What is the power of pop? It's the question pondered in Max Minghella's directorial debut, "Teen Spirit." Not to spoil the ending, but it's obvious that Minghella deeply loves and respects the emotional clout of a good pop song, and the role it plays in life: as a symbol, an anthem, a glimmer of hope.
He also has impeccable taste in pop.
Music is a lifeline for Violet Valenski (Elle Fanning), a Polish-born British teen living on the Isle of Wight. At 17, her life is dreary: school, waitressing at a billiards hall, tending to the family farm. Alone with her iPod, she snatches scraps of freedom and joy, dancing in her room or lingering in a field of lavender.
One night, singing for a room full of drunks at a pub, she catches the ear of Vlad (Zlatko Buric), a washed-up Croatian opera singer. The unlikely friendship comes in handy when Violet secretly auditions for a singing competition show called "Teen Spirit." When she advances to the next round, she brings Vlad as a guardian in lieu of her stern mother (Agnieszka Grochowska). Soon Vlad is her manager/mentor. As Fanning (who does all her own singing) is belting out Robyn's "Dancing on My Own" during her audition, Minghella uses a series of flashbacks to illustrate that "Dancing on My Own" isn't just a song for Violet — it's her whole life.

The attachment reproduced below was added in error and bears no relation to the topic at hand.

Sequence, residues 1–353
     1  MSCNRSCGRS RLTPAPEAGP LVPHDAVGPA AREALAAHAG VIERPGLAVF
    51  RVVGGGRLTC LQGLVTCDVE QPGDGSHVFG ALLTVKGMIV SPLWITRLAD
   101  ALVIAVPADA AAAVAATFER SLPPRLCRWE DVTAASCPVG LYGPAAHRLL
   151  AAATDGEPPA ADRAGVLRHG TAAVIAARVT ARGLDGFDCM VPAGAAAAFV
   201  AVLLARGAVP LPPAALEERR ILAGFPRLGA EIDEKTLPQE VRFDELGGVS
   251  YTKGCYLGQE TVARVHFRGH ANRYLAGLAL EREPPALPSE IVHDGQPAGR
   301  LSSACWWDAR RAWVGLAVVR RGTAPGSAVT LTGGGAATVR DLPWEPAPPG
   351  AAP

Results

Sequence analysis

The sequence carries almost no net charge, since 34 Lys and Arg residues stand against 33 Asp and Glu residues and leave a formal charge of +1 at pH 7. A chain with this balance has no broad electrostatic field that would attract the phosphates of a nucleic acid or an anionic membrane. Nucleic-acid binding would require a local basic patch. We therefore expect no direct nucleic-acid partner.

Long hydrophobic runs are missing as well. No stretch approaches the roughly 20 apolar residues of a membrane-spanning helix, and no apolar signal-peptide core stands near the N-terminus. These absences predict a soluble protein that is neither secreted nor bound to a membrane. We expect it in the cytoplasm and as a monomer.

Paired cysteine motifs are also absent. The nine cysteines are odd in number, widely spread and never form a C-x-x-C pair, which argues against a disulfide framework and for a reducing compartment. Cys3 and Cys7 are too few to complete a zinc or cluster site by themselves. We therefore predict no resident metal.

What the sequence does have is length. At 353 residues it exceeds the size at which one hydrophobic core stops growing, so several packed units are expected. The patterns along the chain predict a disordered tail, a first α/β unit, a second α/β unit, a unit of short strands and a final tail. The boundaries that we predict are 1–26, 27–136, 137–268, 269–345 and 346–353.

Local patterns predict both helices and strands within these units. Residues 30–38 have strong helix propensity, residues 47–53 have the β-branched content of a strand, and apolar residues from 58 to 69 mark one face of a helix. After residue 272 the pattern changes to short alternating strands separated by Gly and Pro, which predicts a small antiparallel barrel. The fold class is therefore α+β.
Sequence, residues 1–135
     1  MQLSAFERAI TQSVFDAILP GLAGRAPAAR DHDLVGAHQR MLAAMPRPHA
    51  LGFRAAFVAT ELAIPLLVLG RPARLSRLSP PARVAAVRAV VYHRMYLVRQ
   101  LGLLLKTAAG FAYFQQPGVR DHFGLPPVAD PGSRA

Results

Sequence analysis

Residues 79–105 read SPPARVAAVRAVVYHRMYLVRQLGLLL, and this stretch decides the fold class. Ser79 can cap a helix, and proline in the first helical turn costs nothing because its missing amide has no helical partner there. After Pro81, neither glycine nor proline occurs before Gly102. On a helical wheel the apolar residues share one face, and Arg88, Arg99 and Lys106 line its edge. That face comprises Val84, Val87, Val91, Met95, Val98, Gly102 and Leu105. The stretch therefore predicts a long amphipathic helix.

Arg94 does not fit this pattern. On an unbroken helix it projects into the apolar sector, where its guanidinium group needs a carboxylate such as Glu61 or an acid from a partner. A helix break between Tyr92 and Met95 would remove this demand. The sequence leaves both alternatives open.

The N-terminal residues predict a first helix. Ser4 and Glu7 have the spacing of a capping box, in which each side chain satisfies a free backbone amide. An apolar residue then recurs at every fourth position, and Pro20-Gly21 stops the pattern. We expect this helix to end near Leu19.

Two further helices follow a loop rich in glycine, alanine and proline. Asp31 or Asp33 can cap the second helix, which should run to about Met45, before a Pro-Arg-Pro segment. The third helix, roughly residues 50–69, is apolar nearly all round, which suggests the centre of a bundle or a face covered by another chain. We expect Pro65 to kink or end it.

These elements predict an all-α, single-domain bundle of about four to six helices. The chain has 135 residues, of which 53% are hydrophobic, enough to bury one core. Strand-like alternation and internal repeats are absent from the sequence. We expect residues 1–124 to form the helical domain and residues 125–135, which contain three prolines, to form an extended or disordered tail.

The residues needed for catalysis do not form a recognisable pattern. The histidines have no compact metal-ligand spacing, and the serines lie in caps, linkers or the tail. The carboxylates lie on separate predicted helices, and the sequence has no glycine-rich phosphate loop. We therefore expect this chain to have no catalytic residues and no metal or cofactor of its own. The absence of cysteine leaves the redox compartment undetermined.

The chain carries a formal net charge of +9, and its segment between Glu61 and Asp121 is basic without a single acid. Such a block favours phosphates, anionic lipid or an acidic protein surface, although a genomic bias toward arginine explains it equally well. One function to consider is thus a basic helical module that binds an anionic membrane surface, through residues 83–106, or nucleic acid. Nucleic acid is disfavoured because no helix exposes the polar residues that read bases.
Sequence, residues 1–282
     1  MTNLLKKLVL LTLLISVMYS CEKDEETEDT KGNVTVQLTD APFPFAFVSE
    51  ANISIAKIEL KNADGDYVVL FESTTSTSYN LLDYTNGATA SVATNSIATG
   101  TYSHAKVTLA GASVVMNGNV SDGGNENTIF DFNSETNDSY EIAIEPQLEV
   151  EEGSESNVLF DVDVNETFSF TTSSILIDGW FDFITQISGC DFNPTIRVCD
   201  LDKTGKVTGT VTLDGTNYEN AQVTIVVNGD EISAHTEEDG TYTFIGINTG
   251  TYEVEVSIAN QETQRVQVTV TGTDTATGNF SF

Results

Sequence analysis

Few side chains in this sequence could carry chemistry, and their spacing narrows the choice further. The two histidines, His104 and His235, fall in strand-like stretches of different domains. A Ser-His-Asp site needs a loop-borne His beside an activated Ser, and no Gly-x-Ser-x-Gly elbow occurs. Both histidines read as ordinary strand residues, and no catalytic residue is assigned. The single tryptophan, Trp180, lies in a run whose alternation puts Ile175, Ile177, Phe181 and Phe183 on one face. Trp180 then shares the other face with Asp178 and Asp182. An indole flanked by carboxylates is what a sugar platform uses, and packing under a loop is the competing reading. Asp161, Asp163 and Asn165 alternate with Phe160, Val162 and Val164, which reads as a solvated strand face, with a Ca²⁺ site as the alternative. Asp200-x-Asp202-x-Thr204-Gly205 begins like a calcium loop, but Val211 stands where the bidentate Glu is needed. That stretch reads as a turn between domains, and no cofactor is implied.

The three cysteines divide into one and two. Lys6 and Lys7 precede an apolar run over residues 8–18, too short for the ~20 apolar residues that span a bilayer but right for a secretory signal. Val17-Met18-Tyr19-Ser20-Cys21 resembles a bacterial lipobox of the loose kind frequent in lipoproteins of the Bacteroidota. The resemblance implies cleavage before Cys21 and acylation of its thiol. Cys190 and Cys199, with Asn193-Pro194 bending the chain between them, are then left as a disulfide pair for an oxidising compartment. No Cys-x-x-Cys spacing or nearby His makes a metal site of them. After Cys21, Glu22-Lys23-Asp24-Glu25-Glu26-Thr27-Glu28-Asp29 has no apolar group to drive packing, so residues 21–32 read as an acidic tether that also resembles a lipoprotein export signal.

"Teen Spirit" is mythic in its themes but exquisitely economic in its storytelling. We know intimately who Violet is even before the title card pops up. This is a tale we know, the classic rise and fall and rise of a musician. It doesn't try to be epic, to explain or comment — it's just a snapshot of a glimpse of stardom for a kid who finds her salvation in music.
Pop connotes a bright shiny garishness, but Minghella (best known as an actor for TV's "The Handmaid Tale" and "The Mindy Project") utilizes a studiously lo-fi and grungy aesthetic. The film is shot almost entirely with natural light, many scenes backlit, obscuring faces and their intentions. The hallucinatory light shows are dazzling. More than anything else, the aesthetic choices underscore the immediate emotional component, whether nostalgic, euphoric or despairing.
Violet's status as an immigrant subtly introduces the element of political comment. It's made apparent to Violet when a "Teen Spirit" judge (Rebecca Hall) reminds her: "You're an inexperienced performer, with a Polish name, entering a competition that relies on the public vote."
"Teen Spirit" is a myth about the dream of stardom, of being plucked from obscurity and discovered for pure talent, held up as a symbol of national pride. Minghella doesn't break the mold when it comes to the story, but if his film argues anything, it's that the dream should be available to anyone.